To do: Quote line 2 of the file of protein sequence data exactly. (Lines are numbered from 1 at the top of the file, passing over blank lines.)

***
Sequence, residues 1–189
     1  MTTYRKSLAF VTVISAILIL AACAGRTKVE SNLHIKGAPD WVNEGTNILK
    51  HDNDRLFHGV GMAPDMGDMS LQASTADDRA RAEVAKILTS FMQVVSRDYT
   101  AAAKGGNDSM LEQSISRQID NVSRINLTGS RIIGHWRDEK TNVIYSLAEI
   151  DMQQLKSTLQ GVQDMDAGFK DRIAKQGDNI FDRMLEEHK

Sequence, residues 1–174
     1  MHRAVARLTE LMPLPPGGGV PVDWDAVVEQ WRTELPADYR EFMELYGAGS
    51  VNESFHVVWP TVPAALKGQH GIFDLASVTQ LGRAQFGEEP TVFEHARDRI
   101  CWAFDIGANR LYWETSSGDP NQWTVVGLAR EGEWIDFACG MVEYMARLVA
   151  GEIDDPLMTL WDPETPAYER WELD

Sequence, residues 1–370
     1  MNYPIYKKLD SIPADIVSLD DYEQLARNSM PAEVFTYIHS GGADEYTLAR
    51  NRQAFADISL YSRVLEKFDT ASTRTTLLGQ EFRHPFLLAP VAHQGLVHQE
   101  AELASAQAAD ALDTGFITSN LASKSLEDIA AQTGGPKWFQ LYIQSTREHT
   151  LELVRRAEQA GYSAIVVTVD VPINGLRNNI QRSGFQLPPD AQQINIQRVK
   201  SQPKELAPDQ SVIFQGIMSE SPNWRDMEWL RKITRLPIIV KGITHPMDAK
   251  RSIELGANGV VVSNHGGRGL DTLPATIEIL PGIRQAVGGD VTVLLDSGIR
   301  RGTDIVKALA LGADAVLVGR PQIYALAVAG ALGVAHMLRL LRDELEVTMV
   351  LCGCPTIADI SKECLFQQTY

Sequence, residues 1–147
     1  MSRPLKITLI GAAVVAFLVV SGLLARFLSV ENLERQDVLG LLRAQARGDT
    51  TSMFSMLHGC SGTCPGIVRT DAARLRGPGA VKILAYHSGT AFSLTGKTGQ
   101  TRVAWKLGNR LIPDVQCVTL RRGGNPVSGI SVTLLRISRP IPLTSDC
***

     1  MTTYRKSLAF VTVISAILIL AACAGRTKVE SNLHIKGAPD WVNEGTNILK